As Chairman of the Jury that selected the eight straight8 films that won a prize screening in Cannes (the grateful 8, maybe?), I could hardly miss the event itself.
And I’m so glad I made it down the Olympia cinema to join straight8 founder Ed Sayers and his enthusiastic gang. Ed has almost single-handedly kept Super 8 film alive these last 12 or so years, alerting Kodak to the growing underground love of their legendary celluloid format by creating his global straight8 competition.
This year, after a breathe of absence of a couple of years, they were back at Cannes with a bigger entry and profile than ever. Asif Kapadia (Senna, Amy, Oscar-winner, now making Maradona) and Ed Lachman (Far From Heaven, Carol, legendary DP) joined me on the Jury to sift through the entries and we whittled them down to these 8 whose prize was to be part of the Cannes programme.
Five teams out of the eight made it over, including one from Buenos Aires, as well as a former charcuterie butcher from Beaunes in France.
Ed served us vodka shots at the entrance, ensuring a buzz for the films which unspooled according to the strict rules of the competition – i.e., their makers had never seen them before. That’s right, they shoot them, with no cuts or edits, on one cartridge and send it in to Ed to develop, sending the soundtrack over separately. The first time they saw if it all worked – or not – was in Cannes.
I have to say the standard was incredible and the films looked a treat on the big screen. Standouts for me were Tortillas, fromm Jeff Zorilla in Bueno Aires, who showed us his amazing overlaying technique which involved breaking into the cartridge, rewinding it, and exposing various layers or covering up the lens with various cut-outs. The room was agog at the artistry.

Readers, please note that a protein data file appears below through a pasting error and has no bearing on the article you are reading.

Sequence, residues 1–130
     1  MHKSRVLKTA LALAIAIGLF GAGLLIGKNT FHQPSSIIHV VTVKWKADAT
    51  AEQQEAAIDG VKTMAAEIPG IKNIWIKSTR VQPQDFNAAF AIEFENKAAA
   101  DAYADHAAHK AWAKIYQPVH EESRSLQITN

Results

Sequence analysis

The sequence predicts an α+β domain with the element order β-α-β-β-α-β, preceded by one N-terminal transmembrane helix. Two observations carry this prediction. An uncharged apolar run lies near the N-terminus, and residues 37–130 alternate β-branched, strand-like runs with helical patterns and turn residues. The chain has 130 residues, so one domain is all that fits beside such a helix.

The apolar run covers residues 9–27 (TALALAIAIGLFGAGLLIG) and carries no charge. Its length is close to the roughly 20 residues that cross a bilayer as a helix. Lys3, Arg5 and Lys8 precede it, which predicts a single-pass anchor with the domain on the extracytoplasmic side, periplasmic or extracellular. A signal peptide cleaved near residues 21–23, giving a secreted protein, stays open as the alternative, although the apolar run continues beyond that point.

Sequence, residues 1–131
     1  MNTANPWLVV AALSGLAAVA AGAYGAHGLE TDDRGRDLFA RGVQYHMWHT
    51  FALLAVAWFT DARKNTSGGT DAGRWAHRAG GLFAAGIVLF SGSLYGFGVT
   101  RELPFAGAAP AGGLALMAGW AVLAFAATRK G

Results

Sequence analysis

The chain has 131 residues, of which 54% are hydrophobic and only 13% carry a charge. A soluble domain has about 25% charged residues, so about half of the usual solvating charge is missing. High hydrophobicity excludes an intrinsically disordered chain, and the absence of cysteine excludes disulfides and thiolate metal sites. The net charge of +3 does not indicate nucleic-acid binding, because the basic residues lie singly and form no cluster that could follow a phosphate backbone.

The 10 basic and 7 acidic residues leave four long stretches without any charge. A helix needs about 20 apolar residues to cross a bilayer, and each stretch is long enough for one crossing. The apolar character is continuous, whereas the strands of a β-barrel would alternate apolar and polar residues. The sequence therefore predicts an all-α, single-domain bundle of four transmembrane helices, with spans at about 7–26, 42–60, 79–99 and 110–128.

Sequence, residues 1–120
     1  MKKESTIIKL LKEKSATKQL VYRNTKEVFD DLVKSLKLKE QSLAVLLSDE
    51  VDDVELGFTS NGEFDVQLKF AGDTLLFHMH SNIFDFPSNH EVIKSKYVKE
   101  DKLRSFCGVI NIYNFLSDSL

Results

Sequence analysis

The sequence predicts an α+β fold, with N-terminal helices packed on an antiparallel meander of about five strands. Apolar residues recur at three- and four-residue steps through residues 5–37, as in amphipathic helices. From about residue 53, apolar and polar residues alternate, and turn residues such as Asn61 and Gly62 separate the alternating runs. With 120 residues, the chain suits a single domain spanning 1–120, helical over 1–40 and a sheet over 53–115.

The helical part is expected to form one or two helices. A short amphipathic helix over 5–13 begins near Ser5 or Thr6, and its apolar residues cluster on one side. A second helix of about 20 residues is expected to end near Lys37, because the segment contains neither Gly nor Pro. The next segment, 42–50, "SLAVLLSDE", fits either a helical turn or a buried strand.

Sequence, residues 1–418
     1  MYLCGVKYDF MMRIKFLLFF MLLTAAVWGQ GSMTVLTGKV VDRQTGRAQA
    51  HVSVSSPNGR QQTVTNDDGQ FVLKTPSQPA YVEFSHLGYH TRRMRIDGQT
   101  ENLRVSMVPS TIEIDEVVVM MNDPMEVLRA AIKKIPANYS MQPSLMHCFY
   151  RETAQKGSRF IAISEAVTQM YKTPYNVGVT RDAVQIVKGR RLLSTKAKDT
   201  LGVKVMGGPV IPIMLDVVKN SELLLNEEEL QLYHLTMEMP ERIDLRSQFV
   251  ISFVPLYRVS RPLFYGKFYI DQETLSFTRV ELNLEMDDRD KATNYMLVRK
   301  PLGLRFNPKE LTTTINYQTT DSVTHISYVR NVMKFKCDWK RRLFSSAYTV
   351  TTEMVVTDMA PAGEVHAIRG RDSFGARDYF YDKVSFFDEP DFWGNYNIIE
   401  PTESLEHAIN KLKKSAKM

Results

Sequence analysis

Also stunning was Splendor in the Grass, by that former charcuterie master, Roger Batteault, who’d made a gorgeous study of wildlife – bees, insects, birds, a squirrel, shooting on a beautiful model of camera with powerful zoom lenses that were cooed over by the audience.
I liked the 60s public information film skit that was Social Networking Socially, by Paul Murphy and his comic collaborators, which had a nicely zingy script and some neat visual retro ideas, such as walking along the street swiping one of those old Apple Mac screens.
I should mention them all because it was hugely enjoyable to watch them all again, particularly in the company of their makers and their peers, who all clearly appreciated each other’s dedication and invention. I really was quite blown away by it, and there were some Kodak reps in the house too (their generous prize included film stock and developing) who were clearly energised by what they saw and admitted how it really gave them encouragement to keep the Super 8 production going.
Have a look here at some images and footage from straight8 (including some of the entries I didn’t mention). And to find out how to be a part of this growing underground film sensation – and maybe how to get a film into Cannes next year – go to www.straight8.net. I should mention that three of these will also air on Channel 4’s Random Acts strand, so it could be the start of something big for anyone.